So after I got home on Wednesday, I unpacked the jars of Cajun seasoning, put the Camellia beans away, and lit a fire in the woodstove in the kitchen (it was 63 in the kitchen). I did a quick draft of the last day in New Orleans, which I finally had time to finish.
During the day, we drove to Casamento’s on Magazine Street for some raw and broiled oysters and a soft shell crab po’ boy. The oysters are different from Wellfleet’s—warmer water, marsh and not sea grown, I think, but who can pass oysters by? Oysters or clams on the half-shell always remind me of my father. We used to have dinner in Manhattan at some Italian white tablecloth restaurant or other in mid-town, sharing a dozen raw clams before the veal parmesan. After dinner, we’d see the new James Bond movie.
The first time I heard of Magazine Street was in the movie, The Love Song of Bobbie Long, Scarlett Johannsson and John Travolta in a drunkard’s redemption set off Magazine Street somewhere. After lunch, we walked along Magazine Street, which is dangerously close to commercial tourist avenue in my estimation.
For dinner, we hit Boucherie, another neighborhood place near Bill and Cindy. I love the neighborhoods and the restaurants tucked into converted shotguns and doubles along a residential block. Boucherie was another great meal, arguably the best of the week. An escarole kim chee amuse bouche set the tone. The chef has a deft touch with hot pepper—enough so you know it’s there but not enough to blunt the other tastes. Lack of spice has been a surprise for me, but every now and then someone slips in enough heat for you to take notice. For appetizers, we had a Vietnamese crepe filled with mizuma and tofu, and topped with nearly transparent slices of giant radish and an oyster risotto with porcini. There was a soft echo of five spice powder on the oysters. Bill proclaimed it the best thing he’d eaten all week. It’s an argument that can only be settled by another week of eating.
The entrees are reasonable at Boucherie, under $20 all, so we reversed our usual methodology and had three entrees. First, a smoked Wagyu beef brisket that was fall-apart tender, beefy to the core and topped with a sweet fruit BBQ sauce. Next, three smoked ocean scallops on a bubble and squeak that was at once homey and dressed up. Another deft touch of spice and a sprig of chervil topped the dish. Our third plate, caramelized ramps, kale, and ricotta ravioli with roasted Brussels sprouts was the only one we did not care for. The pasta was good, but the dish had too much liquid and the kale and Brussels sprouts took it way too far into the cruciferous. Perhaps it was a comeback to the New York Times article complaining that NOLA wasn’t cosmopolitan, in part because there was no kale here.
Dessert was Crispy Crème bread pudding and a Thai Chocolate chess pie. I am probably the only person in North America who doesn’t like Crispy Crème donuts (the icing is just overpowering), but the bread pudding was better than any mere Crispy Crème donut. The icing melted into the custard and the taste of the donuts finally came though. The Thai chocolate chess pie had another good hit of hot pepper. By then, Bill had pulled out the picture of their bread pudding that he’d painted, the chef had asked for a copy, and we were all friends so we asked for a side of the cherry sauce from another dessert which was just stellar.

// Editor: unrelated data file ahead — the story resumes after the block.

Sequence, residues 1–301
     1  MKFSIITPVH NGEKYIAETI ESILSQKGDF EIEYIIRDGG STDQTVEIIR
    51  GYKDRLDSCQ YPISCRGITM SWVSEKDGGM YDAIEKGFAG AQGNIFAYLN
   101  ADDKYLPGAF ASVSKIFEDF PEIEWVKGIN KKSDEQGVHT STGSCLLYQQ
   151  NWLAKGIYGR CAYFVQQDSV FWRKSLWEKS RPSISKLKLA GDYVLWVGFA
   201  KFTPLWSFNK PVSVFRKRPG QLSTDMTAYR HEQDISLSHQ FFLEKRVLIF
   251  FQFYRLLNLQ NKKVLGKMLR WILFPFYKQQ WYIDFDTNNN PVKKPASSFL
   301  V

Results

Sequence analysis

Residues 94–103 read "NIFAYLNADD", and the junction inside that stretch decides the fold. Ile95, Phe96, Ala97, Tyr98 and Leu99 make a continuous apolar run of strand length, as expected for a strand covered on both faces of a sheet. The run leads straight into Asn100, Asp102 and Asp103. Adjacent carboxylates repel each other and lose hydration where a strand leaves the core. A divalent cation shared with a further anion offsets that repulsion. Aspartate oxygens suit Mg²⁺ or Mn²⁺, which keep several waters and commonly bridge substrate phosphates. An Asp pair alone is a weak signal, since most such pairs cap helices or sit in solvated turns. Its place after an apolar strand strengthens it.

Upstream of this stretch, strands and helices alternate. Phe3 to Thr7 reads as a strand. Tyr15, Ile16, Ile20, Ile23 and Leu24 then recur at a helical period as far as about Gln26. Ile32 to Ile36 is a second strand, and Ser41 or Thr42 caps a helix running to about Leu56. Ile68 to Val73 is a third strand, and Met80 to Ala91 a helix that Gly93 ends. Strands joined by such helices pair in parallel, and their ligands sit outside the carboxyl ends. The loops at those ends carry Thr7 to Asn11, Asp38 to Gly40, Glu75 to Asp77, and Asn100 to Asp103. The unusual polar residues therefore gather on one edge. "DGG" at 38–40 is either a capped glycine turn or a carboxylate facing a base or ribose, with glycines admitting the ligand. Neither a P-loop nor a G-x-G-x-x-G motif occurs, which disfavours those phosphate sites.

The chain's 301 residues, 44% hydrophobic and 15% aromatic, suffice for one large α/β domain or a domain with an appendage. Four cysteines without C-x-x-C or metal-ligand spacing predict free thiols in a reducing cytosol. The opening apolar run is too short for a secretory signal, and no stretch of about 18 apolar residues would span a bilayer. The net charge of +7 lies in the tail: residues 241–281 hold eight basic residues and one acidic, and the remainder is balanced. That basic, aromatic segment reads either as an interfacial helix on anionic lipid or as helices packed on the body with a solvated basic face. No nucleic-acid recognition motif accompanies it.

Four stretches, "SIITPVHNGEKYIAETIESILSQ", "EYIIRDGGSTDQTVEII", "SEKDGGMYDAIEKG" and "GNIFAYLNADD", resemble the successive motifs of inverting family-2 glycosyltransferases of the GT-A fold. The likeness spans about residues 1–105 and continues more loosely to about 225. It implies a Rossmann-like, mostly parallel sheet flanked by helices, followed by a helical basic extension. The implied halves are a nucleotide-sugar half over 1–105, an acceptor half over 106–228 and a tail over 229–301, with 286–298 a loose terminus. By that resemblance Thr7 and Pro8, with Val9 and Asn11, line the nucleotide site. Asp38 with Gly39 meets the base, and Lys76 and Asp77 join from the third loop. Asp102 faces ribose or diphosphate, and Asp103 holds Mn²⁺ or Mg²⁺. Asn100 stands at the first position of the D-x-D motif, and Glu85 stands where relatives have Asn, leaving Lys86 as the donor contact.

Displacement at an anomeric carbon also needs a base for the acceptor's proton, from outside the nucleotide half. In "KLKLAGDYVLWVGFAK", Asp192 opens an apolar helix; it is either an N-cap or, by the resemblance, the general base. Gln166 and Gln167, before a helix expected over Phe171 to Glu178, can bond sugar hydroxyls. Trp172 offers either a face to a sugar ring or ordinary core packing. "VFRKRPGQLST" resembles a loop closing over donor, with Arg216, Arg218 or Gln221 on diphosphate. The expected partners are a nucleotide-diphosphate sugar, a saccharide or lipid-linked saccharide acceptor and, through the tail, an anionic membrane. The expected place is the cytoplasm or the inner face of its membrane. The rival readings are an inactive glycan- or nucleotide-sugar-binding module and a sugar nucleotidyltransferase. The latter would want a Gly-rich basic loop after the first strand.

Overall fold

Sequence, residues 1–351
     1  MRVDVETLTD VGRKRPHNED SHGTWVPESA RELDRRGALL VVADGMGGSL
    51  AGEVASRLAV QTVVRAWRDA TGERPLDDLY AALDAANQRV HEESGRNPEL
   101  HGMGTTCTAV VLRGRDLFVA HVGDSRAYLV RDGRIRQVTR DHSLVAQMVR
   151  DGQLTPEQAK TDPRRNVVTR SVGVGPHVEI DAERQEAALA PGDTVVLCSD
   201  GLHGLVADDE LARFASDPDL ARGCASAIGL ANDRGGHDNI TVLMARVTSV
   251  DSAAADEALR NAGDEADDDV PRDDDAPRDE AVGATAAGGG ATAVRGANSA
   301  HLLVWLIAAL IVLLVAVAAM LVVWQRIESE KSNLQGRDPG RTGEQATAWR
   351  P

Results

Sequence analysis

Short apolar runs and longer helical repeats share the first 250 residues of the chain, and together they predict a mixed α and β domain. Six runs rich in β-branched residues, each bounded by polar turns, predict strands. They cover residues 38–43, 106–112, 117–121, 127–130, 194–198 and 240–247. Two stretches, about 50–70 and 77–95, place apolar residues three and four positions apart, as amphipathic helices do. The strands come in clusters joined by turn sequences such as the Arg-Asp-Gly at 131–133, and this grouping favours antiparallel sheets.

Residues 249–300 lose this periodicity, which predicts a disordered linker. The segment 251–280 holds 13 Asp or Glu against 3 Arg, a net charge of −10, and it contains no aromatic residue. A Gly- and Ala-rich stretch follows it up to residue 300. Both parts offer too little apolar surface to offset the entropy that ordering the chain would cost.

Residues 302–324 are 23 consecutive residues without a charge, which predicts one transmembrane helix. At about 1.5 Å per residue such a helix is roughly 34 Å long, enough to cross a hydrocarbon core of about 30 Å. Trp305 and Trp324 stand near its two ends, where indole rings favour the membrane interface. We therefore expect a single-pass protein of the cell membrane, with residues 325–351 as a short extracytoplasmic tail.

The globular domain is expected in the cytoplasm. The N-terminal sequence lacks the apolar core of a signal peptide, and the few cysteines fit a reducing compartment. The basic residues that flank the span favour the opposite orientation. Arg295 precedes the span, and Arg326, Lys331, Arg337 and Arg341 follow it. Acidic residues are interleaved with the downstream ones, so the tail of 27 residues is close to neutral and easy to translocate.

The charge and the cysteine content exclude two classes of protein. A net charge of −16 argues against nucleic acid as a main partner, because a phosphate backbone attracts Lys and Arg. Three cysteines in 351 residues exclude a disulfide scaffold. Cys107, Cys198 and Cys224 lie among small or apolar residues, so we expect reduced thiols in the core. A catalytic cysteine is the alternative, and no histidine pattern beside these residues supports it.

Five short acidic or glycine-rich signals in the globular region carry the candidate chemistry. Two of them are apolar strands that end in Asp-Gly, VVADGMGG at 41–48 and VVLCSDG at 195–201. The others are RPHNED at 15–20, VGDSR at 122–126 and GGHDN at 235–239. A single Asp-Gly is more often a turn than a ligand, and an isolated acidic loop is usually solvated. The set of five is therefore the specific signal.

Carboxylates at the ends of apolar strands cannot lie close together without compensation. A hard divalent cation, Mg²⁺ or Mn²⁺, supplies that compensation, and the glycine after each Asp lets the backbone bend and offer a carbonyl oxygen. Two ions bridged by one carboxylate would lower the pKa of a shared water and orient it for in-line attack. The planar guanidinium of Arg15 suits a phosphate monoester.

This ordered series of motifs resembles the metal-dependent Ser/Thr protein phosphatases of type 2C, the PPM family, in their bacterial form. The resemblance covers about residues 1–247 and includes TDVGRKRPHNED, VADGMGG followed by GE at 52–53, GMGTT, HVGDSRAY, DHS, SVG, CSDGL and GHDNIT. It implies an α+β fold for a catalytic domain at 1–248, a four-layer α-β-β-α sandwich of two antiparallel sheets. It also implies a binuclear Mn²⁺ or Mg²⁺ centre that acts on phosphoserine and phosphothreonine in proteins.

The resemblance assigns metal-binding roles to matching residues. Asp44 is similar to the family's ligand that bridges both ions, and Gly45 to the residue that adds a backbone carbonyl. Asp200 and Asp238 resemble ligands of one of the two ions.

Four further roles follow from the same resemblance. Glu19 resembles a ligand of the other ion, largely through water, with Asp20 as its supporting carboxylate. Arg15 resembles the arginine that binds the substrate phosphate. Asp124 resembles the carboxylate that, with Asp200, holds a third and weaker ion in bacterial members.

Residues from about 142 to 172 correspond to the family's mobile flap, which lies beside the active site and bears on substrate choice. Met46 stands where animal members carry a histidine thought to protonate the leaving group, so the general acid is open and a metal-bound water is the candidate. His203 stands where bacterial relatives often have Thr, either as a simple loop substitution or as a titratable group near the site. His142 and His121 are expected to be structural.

Then off to Chickie Wah Wah’s to hear John Cleary, an expat Brit who, so one story goes, came over, got a job painting the Maple Leaf and learned to play piano on the Maple Leaf’s piano. Certainly metaphorical, and like all such stories, there may even be something true about it. But the man sounds like he was born playing stride piano. We ended up at the bar since the place had been packed for an hour before we arrived and there were no tables.
Given the generally funky tone to the place, I was expecting the same décor in the bathrooms. Wrong. The bathrooms at Chickie Wah Wah;s are modern and clean, yet one more surprise in this town.
Anyway, during the second set, Bill noticed Tom McDermott in the crowd and said hello. The venues make it easy to talk to the musicians. and we’d talked with him last Thursday, at Buffa’s. I bought Tom a drink (a diet Coke if you must know), and asked him about his schedule for Jazz Fest. Various musicians and friends came by and I listened to them swap stories and talk venues and gigs, mainly concentrating on not saying something stupid. Later on, John Cleary stopped by and I got the pic, with Coleman deKay, an actor and screenwriter we were talking with and Bill photobombing in the background.
I loved driving and walking through the neighborhoods, seeing the old mansions, the shotgun houses, the doubles, and the new buildings (post storm or not), the live oaks tearing up the sidewalk and hanging way over the streets, the flowers whose names I don’t know, the restaurants tucked into the rows of houses. When I got here, I was thinking the bright paint on the houses made them look like some seasonal beach town, but I think I was wrong. There are too many shades in too many neighborhoods for the pastels and bright colors to be anything more than how the city dresses up. I’ll miss the music, the musicians, and the rooms where they play.
I won’t miss trying pass oncoming cars on the narrow streets or the potholes, as deep and as bad as any spring road in Amherst or Northampton. I may not miss the deep frying for at least a week, but I’m sure I will. In my twenties, you always knew who’d spent the summer in Europe. All they wanted to do is hang out, drink coffee, smoke cigarettes and talk deep and pseudo-philosophical thoughts. I don’t want to be that way about New Orleans, but it’s its own place, unlike anywhere else and I am glad that I got to experience it. And you know I’ll be back.